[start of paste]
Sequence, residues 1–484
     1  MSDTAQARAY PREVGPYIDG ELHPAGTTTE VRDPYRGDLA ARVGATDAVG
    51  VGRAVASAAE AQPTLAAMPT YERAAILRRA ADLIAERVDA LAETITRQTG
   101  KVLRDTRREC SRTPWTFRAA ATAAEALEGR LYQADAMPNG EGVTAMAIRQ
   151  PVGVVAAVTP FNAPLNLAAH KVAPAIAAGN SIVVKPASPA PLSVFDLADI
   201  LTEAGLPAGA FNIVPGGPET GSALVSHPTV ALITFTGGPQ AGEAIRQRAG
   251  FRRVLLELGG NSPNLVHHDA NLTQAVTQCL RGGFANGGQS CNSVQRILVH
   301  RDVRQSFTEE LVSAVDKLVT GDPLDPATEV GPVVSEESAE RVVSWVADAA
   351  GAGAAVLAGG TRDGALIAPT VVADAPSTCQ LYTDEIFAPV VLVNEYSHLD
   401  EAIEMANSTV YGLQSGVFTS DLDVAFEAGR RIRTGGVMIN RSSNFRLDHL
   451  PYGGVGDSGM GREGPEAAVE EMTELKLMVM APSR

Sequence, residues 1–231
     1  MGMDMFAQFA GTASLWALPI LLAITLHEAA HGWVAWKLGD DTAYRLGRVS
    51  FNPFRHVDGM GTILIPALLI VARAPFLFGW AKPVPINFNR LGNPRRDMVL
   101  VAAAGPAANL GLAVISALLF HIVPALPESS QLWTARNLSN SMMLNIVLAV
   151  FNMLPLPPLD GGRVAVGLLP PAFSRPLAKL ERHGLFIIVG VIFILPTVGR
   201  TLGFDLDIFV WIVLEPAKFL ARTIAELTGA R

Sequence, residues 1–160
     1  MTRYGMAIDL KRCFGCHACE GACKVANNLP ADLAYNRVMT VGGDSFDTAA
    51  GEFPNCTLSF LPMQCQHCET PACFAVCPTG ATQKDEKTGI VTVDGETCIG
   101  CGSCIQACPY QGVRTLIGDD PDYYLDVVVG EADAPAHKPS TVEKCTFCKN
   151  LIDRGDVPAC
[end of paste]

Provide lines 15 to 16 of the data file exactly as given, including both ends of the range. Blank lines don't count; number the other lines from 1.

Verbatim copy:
   101  VAAAGPAANL GLAVISALLF HIVPALPESS QLWTARNLSN SMMLNIVLAV
   151  FNMLPLPPLD GGRVAVGLLP PAFSRPLAKL ERHGLFIIVG VIFILPTVGR